I am continuing to look at Heroes & Hardships, with an eye towards running a oneshot adventure in teh autumn, assuming we are allowed out by then.
I want to go with the Robin Hood theme. It is high adventure with tyrancial Bad King John, The Dastardly Sheriff of Nottingham and the evil Guy Gisborne.
Robin Hood is thought to be a real person (https://www.historic-uk.com/HistoryUK/HistoryofEngland/Robin-Hood/) which helps me as I want to run a game where the characters have no magic. I am happy to have belief in magic, maybe even sell the characters a few good luck charms, but whether they work or not is a completely different thing.
The character I made yesterday is quite well rounded and I had given him Quarter Staff (great weapon) and bow for combat, plus a focus on dodging. That was one of the things that enamoured me to the system. Before I even rolled a dice I know what I wanted to play. My rolls were average at best, possibly below average but I still got to play what I wanted. Most of my stats were 2s, most of my skills are 1s and my most important ones are 2s.. This gives me Roll 4 keep 2 in core areas. I took the Lucky ability which does give me a +1 here and there.
I haven’t been able to play yet. It could be that more skills at 2 and 3 are needed.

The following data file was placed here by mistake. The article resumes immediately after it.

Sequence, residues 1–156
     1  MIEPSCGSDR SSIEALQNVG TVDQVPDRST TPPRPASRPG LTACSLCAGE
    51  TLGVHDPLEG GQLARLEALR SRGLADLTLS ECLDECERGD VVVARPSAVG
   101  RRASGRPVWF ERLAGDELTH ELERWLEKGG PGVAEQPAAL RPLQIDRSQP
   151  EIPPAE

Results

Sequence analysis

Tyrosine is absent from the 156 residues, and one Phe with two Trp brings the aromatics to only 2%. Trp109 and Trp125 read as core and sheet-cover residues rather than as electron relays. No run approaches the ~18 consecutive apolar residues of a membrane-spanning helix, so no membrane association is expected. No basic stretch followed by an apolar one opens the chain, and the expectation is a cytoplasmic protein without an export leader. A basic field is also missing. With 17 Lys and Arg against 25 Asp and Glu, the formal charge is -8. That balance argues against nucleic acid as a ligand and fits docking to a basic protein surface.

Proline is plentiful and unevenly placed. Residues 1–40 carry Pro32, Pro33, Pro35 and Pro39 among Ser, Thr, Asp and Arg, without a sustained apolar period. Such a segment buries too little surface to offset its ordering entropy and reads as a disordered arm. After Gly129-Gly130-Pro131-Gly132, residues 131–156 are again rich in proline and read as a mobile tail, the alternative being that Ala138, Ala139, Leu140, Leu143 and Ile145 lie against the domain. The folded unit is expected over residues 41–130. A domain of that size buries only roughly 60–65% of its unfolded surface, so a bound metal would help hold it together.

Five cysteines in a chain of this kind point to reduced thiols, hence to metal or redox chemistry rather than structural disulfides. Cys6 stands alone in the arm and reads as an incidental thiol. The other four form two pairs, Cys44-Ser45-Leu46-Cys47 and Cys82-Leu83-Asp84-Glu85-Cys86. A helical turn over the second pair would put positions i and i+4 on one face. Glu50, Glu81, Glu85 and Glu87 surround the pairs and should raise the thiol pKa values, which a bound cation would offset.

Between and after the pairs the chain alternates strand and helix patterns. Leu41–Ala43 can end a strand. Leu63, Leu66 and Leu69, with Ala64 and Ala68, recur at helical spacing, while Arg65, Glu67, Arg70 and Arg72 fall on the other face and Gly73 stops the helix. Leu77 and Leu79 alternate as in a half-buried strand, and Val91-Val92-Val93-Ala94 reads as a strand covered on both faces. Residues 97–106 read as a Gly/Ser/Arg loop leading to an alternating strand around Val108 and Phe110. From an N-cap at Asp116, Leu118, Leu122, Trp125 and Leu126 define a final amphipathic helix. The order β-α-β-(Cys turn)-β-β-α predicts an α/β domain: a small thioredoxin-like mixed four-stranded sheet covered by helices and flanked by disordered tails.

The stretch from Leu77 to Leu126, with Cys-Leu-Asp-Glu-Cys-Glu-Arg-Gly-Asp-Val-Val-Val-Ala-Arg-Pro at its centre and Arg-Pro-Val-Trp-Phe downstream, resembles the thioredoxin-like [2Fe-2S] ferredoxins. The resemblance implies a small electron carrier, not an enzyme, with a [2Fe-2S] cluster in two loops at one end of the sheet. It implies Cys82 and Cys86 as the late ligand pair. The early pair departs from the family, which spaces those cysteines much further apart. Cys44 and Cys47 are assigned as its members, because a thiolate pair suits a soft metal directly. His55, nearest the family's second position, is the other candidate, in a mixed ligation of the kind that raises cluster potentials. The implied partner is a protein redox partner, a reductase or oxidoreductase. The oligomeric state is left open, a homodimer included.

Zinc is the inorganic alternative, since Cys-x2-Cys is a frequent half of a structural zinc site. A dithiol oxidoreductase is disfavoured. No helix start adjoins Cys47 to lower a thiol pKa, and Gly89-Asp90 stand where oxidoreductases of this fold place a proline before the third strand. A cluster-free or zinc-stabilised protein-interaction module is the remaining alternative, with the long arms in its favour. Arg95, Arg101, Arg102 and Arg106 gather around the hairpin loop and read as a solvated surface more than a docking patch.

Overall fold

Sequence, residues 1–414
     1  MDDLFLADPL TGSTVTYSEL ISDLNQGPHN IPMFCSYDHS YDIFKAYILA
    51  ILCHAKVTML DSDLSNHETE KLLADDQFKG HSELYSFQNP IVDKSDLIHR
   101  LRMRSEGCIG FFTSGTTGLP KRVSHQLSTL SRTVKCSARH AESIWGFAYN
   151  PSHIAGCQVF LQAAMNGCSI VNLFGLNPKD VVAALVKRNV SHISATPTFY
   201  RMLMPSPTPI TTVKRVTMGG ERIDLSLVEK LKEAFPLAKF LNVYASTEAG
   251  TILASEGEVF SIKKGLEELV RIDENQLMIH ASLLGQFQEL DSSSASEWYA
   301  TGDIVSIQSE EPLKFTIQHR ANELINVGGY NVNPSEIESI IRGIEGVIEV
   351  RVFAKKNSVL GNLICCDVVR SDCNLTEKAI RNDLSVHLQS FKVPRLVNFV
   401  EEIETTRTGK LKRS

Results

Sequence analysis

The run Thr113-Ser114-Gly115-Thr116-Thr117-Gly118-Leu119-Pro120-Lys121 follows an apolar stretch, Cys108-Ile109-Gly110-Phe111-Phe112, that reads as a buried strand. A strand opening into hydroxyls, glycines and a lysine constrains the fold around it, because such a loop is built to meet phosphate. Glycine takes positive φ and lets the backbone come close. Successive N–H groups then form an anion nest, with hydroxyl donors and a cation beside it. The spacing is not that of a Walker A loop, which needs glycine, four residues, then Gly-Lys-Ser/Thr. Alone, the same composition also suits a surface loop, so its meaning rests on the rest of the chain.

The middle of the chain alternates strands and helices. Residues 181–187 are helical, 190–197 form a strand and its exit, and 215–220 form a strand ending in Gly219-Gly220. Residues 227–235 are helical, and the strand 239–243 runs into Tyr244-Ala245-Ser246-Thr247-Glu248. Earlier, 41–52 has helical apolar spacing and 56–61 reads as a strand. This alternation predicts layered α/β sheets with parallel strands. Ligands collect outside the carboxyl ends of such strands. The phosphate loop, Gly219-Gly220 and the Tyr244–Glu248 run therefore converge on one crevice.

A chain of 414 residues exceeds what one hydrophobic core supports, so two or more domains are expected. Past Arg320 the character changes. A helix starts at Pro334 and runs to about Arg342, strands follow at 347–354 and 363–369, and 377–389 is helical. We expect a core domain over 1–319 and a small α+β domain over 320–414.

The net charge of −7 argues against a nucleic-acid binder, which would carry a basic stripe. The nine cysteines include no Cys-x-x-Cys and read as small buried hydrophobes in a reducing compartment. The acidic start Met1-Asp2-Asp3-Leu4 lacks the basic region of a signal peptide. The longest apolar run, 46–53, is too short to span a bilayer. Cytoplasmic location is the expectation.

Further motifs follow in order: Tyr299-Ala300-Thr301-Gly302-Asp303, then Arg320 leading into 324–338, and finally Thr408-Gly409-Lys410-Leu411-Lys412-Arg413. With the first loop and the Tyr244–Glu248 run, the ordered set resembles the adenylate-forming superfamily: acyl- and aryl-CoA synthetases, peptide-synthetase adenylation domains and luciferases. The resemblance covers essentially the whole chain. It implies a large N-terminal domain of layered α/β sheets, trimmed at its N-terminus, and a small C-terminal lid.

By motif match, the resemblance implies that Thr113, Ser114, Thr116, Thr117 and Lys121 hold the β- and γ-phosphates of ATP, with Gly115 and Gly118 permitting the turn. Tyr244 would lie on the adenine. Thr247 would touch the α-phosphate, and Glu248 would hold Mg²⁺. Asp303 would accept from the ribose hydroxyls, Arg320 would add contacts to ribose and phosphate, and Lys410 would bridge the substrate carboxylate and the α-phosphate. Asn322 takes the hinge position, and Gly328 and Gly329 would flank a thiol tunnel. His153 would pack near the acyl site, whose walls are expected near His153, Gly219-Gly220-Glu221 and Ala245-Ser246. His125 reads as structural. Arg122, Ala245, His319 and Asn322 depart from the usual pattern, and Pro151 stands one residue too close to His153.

My preference in games if for point buy stats. It is hinted at there is another option in the core book and I hope that it is a point buy system. If it isn’t it would be easy to house rule. The average on a d10 is 5½, there are 13 rolls so you can give a player 72 points and tell them to buy their own stats.
One of the flaws in most rolemaster versions was that Stats gave you not only stat bonuses towards you skills, but the points you used to buy the skills. Successful skill tests also gave you more EXP. A good set of rolls before the game even started created a snowball. You had more more development point, so you had more skills with bigger bonuses, so you got more skill successes, which meant more EXP, which meant you levelled up faster and leveling up gave you more development points to improve your skills.
I could see the same issue here.
A good set of stat rolls, gives higher stats, which gives you more skill points and they give more ability points. In play higher stats govern your chances of success.
We don’t get to see the experience system in the quickstart guide, but it should not really make much difference. I know my character is going to be keeping 3d10 in his core skills, assuming those d10 are slightly above average that is going to give me circa 18 on average.
At Power Level 1, Challenging tests, which are suitable for a starting character in a first adventure have a Target Number [TN] of 14. I should be able to make them in my core skills most of the time and some of the time in less core areas.
Better Stats would certainly help!
I may try and put something together this week and give the game a playtest.